A lesson in presence

Imagine the scenario: you’re really excited at the prospect of spending a family holiday on a beautiful island off the western coast of Scotland. Famed for its pristine white sand beaches and turquoise waters, its deer and its eagles, as well as its mountain wildernesses and deeply moving history, it’s a place you cannot wait to explore and have been looking forward to visiting for months. Not only that but you have a story idea set on the island for which you wish to conduct some research – it could be your first novel and you’re nervously excited about that too.

The plan is to travel via the Lake District to visit family and include a hike in the fells of that spectacular landscape as well. All in all this is going to be your ideal trip.

And then, the evening before you’re due to depart, the phone rings and an unfamiliar voice tells you not to worry, but your son seems to have injured his leg during American Football training. The ambulance is on its way and you can either come along to the pitch or meet him in A&E at the hospital.

Of course I went to the pitch straight away to find him lying on the ground surrounded by paramedics and concerned team coaches. He was wearing an oxygen mask and I slowly realised he was inhaling nitrous oxide to stem the pain in his leg. Having loaded him into the ambulance the paramedics then administered intravenous paracetomol. Meanwhile my brave boy did little more than wince and groan a little.

Much later that evening, after our son had endured much more Entonox, some morphine, two x-rays and confirmation that he has incurred a spiral fracture in his right lower leg, snapping both the tibia and fibula, we had to confront the reality that our long-awaited holiday was not going to happen. With a solid cast all the way up to the thigh on his almost four foot long leg, this boy was going nowhere, especially not on a 7 hour long car journey.

All this was quite a lot to take in. Emotions were high and we were all exhausted. As well as concern for our son, the dawning realisation that we wouldn’t be travelling to our island paradise after all tipped me over the edge. I had to leave the consultation room to weep, deeply disappointed about the trip and then terribly guilty that I could feel like that when our son was laid up on a hospital bed.

The following morning after very little sleep I had a strange experience. Strange yet deeply comforting. The voice that I often hear in my journal whispered to me to remember the moment. And as I lay in bed in my half-waking state I suddenly felt extremely safe and comfortable in the present moment. I was able to push aside all my conflicted feelings and disappointment about our disrupted holiday plans and just allow myself to be completely present, as if the moment was the safest haven there is.

I’m not sure whether this inner experience would have been possible without the reflective practice I’ve done. I can imagine in younger years shedding bitter tears for days over thwarted plans. On this occasion, with the most important thing being our son’s healing, I’ve retreated to and trusted the present moment, and it’s been a place of safety for which I’m enormously grateful.



Filed under Mood Management

6 responses to “A lesson in presence

  1. Elinor Brooks

    Thank you for sharing that, Juliet. I know how much the holiday meant to you. I am also starting to find ‘being present’ is an extremely helpful and powerful way of living through things. My reflective practice this year has put me in touch with the calm voice – I recall the moments of reflection and hear it. Thank you for teaching me to do that. And I do hope your son is healing!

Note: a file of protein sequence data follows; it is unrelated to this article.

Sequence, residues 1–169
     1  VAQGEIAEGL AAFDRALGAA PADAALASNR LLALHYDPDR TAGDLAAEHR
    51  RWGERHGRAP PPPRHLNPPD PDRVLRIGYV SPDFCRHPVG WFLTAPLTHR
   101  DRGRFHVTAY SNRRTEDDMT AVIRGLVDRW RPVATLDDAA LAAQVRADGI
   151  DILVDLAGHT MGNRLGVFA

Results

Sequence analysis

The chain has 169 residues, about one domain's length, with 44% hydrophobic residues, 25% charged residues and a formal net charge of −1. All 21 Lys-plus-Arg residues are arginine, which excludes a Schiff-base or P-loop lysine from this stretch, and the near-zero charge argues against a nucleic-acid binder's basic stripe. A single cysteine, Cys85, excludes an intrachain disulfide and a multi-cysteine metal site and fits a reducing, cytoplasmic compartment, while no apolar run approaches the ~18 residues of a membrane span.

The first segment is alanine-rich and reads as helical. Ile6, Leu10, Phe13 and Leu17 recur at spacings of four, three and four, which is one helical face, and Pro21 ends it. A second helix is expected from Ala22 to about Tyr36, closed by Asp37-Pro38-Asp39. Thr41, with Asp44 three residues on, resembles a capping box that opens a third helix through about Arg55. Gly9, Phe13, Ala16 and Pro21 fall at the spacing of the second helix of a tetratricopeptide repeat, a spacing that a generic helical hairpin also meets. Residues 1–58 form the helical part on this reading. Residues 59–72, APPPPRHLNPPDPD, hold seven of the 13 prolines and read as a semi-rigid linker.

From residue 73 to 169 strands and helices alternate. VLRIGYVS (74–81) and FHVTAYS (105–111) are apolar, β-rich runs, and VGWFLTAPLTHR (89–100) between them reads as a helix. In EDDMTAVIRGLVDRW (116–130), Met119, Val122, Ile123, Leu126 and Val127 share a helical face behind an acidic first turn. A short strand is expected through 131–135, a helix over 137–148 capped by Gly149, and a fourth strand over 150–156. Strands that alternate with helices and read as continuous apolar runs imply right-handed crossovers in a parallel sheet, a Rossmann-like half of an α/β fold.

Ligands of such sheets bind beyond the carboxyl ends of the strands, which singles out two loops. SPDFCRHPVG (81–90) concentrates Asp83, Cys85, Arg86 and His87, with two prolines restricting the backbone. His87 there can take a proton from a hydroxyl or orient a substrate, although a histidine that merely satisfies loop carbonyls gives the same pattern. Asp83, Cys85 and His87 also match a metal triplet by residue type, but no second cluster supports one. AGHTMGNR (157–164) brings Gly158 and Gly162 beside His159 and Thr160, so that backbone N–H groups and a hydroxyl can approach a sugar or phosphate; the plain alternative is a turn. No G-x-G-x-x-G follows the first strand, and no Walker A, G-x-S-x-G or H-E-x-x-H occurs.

2. Hi Elinor
    Thanks so much for your kind words. We’re taking one day at a time in the healing process. Having read The Power of Now by Eckart Tolle I’ve understood intellectually for a while the power of being present. However I’ve never had such a beautiful experience of it before, and I can only imagine that practising presence in my journal has been good training for when things have not worked out in external life.

  3. Annalie Goodburn

    Hi Juliet. I came across your blog by searching for golf ideas and found your piece on being a past captain. I am at that moment in my life. Just 3 months to go and I will remember your advice when I support the new lc. But not only do we have that in common, we had to cancel our trip of a life time to Europe (we are in South Africa) when our son was diagnosed with Leukemia. At least we could spend the first few weeks with him in hospital as we were on leave. We had to learn to live in the present and not knowing what was coming. Unfortunately our son passed away after a lot of complications. Life changed and that is how I landed in golf and eventually being a lc. Will have to find another project for myself. I see you mention a book “the Power of NOw”, I will look it up. Thank you for taking time to publish stories of your own life for others to read and relate to.

    • Hello Annalie
      Thankyou so much for getting in touch. I am humbled to read of your tragic experience of losing your son. How very sad – and it certainly puts missed holidays into perspective.

      The Power of Now is an interesting book. Though it’s been a while since I read it, many of the ‘lessons’ it contains have stayed with me. You might also be interested in the writing of Oriah Mountain Dreamer – google her – she’s a gentle soul who writes wonderfully about taking an appreciative pace in life.

      I find golf to be dependent as much on mental attitude as it is on physical skill. And it serves us best to be present, in the moment, in the playing of it as well. I wish you all the best in your captaincy!

      • Annalie Goodburn

        Hi Juliet. Thank you, I will google Oriah… My you have lots and lots of wonderful and inspiring writing hours.

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